For Christmas in 1993, my father gave me a My Magic Diary, a children’s version of Casio’s digital organizer. From that point on, I always had some iteration of that device—whether a PalmPilot or the iPhone 5 I carry today. Like most others my age, I was raised around mobile devices, so now as an adult, I’m generally unfazed by a new phone or tablet or piece of software. The next generation, Generation Z, will be raised with something entirely different. That thing will be robots.
Just as I had my little digital organizer, children today are growing up in a world where people touch and talk to their gadgets. Whether it’s on their mother’s iPad or a kid-friendly LeapPad tablet (a touchscreen device that plays interactive educational games), children are learning to interact with devices in new ways. “With touchscreens, there’s an intuitive interaction with what they’re craving,” says Jody Sherman LeVos, a child-development expert at LeapFrog. And that interaction is not limited to touch. Speech- and facial-recognition software lets kids talk to gadgets—and lets the gadgets talk back.
Kids’ perception of technology is different. Devices can be friends or teachers, not just tools.Because children are accustomed to this social relationship, their perception of technology and its purpose differs from those of their parents. Devices can be friends or teachers, not just tools or entertainment. Last year, a team at Boston-based research firm Latitude asked children to imagine how robots could fit into their lives. Sixty-four percent imagined a social humanoid, and the bots were more likely to act as tutors, playmates, or companions than exclusively as maids or assistants.
Members of Generation Z will also be the first to have advanced robot companions at home. Last fall, Hasbro released a new generation of Furby that gathers data from sensors—including an accelerometer that measures how gentle or rough a child is with the toy—and changes its personality based on how it’s treated.Several more robots launching this year, including Romo and WowWee RoboMe, use a smartphone as a computing brain, so they’re able to utilize the camera and facial recognition to react to people. (The toy market has been a proving ground for innovative technologies before; the Speak & Spell, for one, was the first device with a single-chip voice synthesizer when Texas Instruments launched it in 1978.)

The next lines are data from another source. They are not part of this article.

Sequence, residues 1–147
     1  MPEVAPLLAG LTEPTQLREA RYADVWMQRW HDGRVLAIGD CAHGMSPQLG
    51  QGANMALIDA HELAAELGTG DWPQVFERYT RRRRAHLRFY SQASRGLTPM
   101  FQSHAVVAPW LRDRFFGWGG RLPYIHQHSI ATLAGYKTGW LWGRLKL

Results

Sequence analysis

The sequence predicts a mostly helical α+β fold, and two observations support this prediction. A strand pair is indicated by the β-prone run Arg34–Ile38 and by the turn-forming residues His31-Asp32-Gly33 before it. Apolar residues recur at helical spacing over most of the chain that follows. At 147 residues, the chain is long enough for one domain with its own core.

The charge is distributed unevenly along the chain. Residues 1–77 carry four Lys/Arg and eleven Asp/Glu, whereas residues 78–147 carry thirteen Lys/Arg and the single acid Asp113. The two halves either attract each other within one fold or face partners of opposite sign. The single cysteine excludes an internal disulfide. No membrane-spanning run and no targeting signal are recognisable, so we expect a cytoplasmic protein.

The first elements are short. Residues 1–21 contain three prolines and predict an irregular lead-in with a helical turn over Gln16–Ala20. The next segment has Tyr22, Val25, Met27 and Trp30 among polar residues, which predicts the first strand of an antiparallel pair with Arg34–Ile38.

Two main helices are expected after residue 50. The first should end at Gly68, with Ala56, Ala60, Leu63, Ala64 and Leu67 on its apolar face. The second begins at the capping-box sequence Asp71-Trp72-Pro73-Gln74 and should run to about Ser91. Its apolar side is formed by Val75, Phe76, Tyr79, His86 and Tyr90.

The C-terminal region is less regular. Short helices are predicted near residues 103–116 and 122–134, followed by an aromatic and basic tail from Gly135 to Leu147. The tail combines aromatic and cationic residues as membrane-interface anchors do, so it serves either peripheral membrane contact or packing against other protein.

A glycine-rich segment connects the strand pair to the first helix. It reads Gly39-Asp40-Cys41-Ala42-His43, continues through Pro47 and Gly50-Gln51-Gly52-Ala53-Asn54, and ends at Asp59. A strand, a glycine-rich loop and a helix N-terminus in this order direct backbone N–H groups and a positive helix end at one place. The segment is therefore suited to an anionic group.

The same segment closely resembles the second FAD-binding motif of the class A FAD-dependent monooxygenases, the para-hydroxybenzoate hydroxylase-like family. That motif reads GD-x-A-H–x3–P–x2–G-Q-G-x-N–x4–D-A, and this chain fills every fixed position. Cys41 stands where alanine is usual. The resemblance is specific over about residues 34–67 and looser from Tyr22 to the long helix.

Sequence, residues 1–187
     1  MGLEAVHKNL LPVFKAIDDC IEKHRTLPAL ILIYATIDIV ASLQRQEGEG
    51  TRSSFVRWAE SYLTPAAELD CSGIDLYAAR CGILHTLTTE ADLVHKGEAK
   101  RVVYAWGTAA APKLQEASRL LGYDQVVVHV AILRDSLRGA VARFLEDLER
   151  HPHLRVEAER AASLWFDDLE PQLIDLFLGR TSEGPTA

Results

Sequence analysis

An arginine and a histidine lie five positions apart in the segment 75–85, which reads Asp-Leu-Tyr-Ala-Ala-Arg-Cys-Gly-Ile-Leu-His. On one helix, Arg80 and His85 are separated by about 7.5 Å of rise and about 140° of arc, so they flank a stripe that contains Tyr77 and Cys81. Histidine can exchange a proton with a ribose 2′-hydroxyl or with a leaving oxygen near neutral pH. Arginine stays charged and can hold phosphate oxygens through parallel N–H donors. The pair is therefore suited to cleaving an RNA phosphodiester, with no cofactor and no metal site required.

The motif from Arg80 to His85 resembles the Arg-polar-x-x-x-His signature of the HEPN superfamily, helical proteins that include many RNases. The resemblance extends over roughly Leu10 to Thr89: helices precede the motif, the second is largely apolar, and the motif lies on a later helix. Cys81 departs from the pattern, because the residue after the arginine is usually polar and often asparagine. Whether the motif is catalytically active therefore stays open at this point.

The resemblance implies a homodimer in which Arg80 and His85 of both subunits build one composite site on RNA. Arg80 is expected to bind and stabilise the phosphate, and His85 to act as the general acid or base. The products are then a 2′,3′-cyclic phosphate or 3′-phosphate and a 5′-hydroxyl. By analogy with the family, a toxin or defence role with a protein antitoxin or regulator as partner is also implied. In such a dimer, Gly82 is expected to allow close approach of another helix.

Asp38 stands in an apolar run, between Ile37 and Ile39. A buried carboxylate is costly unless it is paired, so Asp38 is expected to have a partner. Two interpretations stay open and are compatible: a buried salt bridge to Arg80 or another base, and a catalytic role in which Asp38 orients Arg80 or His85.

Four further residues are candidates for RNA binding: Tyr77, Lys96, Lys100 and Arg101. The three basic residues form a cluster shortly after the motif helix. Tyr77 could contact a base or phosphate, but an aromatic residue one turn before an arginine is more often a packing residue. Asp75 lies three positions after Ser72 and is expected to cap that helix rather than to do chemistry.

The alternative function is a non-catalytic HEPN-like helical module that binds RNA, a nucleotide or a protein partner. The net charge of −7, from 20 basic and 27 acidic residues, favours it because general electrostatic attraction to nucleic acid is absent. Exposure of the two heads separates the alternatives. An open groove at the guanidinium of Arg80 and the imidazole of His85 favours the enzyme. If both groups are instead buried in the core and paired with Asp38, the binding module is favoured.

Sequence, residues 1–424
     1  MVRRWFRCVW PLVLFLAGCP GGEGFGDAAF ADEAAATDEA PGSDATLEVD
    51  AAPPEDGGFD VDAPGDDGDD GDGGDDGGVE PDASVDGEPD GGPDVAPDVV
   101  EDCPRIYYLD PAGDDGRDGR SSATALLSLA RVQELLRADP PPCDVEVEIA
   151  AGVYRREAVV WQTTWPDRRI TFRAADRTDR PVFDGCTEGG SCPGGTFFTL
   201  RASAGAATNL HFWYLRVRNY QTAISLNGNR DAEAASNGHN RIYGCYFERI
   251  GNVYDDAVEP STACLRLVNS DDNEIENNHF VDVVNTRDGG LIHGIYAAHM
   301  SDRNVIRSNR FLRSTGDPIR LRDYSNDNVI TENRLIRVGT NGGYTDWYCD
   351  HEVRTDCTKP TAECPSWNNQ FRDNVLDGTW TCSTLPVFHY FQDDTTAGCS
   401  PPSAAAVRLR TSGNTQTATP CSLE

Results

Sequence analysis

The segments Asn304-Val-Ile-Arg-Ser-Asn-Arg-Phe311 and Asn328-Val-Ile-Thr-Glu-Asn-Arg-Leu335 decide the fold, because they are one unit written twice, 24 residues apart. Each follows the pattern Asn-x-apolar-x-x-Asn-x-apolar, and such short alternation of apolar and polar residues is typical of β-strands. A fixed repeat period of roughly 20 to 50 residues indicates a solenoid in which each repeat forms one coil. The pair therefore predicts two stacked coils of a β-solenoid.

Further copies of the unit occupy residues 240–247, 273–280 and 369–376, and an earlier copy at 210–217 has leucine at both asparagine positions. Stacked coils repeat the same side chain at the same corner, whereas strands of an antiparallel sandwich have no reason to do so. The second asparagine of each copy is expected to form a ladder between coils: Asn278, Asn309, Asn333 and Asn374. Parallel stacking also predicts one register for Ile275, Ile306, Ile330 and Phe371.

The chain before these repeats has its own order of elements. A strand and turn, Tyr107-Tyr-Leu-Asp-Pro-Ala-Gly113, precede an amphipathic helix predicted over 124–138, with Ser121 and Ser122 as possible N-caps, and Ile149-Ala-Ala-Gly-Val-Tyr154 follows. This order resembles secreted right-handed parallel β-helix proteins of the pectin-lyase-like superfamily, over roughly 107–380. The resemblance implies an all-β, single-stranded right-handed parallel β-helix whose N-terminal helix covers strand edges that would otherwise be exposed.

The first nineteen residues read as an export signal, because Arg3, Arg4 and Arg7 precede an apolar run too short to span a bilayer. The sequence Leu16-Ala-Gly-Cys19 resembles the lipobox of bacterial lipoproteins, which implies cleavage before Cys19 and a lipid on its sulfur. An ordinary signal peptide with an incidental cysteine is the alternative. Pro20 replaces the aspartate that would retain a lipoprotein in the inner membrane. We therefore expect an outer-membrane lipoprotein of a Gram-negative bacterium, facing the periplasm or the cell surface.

A generation of children raised with robots could power a new wave of innovation. Just like software development, which moved from labs to start-ups to anyone with even a passing interest in code, robotics development will become democratized. Current robotic platforms, such as the Robot Operating System developed at Willow Garage in Menlo Park, California, are open. Like a smartphone SDK, the OS turns robots into a canvas for a developer to create applications. In the same way kids as young as 12 are creating mobile apps today, they will create robot apps tomorrow. Need a trainer? A Spanish tutor? A friendly ear? Just download an app, and it’s literally there.